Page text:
Rare: Nail and skin pigmentation, urticaria and sweating
Musculoskeletal and connective tissue disorders
Renal and urinary disorders
Rare: Urinary frequency
Reproductive systemand breast disorders
General disorders and administration site conditions
Uncommon: Fever, generalised pain and asthenia
Rare: Chills, chest pain and influenza-like syndrome
There is limited experience of overdosage with COMBIVIR. No specific
symptoms or signs havebeen identified following acute overdose with
zidovudine or lamivudine apart from those listed as undesirable effects. No
fatalities occurred, and all patientsrecovered.
If overdosage occurs the patient shouldbe monitored for evidence of toxicity
(see Adverse Effects), and standardsupportive treatment applied as
necessary. Since lamivudine is dialysable, continuous haemodialysis could be
used in the treatment ofoverdosage, although this has not been studied.
Haemodialysis and peritoneal dialysis appearto have a limited effect on
elimination of zidovudine,but enhance the elimination of the glucuronide
metabolite. For more details physiciansshould refer to the individual
prescribing information for lamivudine and zidovudine.
Special precautions for storage
Store below 30 C.
Instructions for use/handling
Prescription Only Medicine
Tamper-evident cartons containing opaque polyvinyl chloride/foil blister packs.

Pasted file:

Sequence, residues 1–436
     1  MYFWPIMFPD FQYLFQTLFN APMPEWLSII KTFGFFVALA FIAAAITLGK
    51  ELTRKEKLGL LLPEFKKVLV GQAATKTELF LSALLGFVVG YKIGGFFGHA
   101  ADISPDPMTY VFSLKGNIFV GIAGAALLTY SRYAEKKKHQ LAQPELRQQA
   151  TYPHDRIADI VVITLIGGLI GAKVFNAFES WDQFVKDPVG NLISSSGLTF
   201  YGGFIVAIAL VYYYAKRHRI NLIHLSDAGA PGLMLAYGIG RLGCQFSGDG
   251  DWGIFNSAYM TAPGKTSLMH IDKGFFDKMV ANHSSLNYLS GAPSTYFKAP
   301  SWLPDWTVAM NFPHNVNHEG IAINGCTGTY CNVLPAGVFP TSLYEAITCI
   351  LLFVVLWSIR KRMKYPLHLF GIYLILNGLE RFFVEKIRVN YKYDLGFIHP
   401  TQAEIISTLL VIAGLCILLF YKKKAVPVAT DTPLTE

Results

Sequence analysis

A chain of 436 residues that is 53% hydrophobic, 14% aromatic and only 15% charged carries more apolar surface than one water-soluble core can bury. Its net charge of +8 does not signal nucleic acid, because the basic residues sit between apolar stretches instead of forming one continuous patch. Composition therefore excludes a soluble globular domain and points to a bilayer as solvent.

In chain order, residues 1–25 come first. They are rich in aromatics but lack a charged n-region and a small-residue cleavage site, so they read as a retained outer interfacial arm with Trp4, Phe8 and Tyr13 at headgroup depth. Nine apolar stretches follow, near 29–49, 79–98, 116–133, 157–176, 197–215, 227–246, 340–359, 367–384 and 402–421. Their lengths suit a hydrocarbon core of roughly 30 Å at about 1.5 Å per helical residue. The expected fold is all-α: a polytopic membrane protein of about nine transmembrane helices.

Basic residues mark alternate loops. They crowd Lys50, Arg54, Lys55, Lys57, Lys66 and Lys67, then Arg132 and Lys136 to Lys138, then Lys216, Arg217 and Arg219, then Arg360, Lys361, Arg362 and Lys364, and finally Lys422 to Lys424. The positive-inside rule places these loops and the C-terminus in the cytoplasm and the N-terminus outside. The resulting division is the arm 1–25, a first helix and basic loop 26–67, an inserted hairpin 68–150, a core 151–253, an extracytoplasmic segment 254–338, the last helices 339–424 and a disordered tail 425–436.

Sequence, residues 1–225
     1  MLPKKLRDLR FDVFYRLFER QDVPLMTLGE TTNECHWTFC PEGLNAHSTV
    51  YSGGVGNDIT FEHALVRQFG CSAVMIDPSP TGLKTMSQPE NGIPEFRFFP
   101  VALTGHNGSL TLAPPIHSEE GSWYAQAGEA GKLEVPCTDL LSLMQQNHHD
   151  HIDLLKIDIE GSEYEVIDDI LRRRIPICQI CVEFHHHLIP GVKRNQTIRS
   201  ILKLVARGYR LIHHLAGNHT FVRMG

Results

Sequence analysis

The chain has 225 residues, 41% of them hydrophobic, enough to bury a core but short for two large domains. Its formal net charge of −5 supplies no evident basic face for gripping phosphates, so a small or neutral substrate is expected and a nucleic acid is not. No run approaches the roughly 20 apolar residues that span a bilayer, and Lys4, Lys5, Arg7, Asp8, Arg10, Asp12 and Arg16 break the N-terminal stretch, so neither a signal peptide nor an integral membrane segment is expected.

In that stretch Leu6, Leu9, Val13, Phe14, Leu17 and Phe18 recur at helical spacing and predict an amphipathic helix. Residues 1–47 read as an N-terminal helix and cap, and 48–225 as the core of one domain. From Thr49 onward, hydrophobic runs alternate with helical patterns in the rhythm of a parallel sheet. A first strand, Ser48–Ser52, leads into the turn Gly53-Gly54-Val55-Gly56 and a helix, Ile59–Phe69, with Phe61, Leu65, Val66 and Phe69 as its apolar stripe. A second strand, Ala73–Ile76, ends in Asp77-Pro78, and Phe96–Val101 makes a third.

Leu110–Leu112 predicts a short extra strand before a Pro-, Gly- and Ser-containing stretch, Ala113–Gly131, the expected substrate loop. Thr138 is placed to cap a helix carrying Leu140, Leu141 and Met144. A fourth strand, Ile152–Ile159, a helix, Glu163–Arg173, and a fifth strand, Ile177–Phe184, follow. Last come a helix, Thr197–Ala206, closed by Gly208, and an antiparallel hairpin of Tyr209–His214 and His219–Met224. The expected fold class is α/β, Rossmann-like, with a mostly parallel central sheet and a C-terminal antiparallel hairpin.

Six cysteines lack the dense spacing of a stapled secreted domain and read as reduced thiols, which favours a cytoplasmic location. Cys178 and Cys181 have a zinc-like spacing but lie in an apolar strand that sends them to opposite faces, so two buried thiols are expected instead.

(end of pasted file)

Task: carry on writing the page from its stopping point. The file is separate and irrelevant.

Each pack contains 60 coated tablets.
Preclinical Safety Data
No synergy of toxicity has been observed in studies with lamivudine in
combination with zidovudine.The clinically relevant effects of the two
medicinal products in combinationare anaemia, neutropenia and leucopenia.
Mutagenicity:-Neither lamivudine nor zidovudine are mutagenic in bacterial
tests, but like many nucleoside analogues they show activity inin vitro
mammalian tests such as the mouse lymphoma assay. Lamivudine has not
shown any genotoxic activity inin vivostudies at doses that gave plasma
concentrations up to 40-50 times higher than clinical plasma levels. As thein
vitromutagenic activityof lamivudine could not be confirmed inin vivotests, it
is concluded that lamivudine should not represent a genotoxic hazard to
patients undergoing treatment.
Zidovudine showed clastogenic effects inan oral repeated dose micronucleus
test in mice. Peripheral blood lymphocytes from AIDS patients receiving
zidovudine treatment havealso been observed to contain higher numbers of
chromosome breakages. A pilot study has demonstrated that zidovudine is
incorporated into leukocyte nuclear DNAof adults, including pregnant women,
taking zidovudine as treatment for HIV-1 infection,or for the prevention of
mother to child viral transmission. Zidovudine was also incorporated into DNA
from cord blood leukocytes of infants from zidovudine-treated mothers. The
clinical implications ofthese findings is unknown.
Carcinogenicity:-In long-term oral carcinogenicity studies in rats and mice,
lamivudine did not show anycarcinogenic potential.
In oral carcinogenicity studies withzidovudine in mice and rats, late
appearing-vaginal epithelial tumours were observed. There were no other
zidovudine-related tumours observed ineither sex of either species.A
subsequent intravaginal carcinogenicitystudy confirmed the hypothesis that
the vaginal tumours were the result oflong-term local exposure of the rodent
vaginal epithelium to high concentrations of unmetabolised zidovudine in